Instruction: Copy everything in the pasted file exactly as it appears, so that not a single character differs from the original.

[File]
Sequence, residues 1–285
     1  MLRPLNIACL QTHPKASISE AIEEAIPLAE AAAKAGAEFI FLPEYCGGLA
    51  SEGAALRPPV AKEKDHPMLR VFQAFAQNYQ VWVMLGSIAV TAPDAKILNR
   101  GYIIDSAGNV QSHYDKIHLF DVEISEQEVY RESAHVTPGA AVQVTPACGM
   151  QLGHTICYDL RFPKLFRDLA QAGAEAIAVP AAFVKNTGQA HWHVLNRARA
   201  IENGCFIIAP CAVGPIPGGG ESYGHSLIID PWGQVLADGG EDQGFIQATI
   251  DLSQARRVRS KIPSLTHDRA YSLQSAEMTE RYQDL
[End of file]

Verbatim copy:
Sequence, residues 1–285
     1  MLRPLNIACL QTHPKASISE AIEEAIPLAE AAAKAGAEFI FLPEYCGGLA
    51  SEGAALRPPV AKEKDHPMLR VFQAFAQNYQ VWVMLGSIAV TAPDAKILNR
   101  GYIIDSAGNV QSHYDKIHLF DVEISEQEVY RESAHVTPGA AVQVTPACGM
   151  QLGHTICYDL RFPKLFRDLA QAGAEAIAVP AAFVKNTGQA HWHVLNRARA
   201  IENGCFIIAP CAVGPIPGGG ESYGHSLIID PWGQVLADGG EDQGFIQATI
   251  DLSQARRVRS KIPSLTHDRA YSLQSAEMTE RYQDL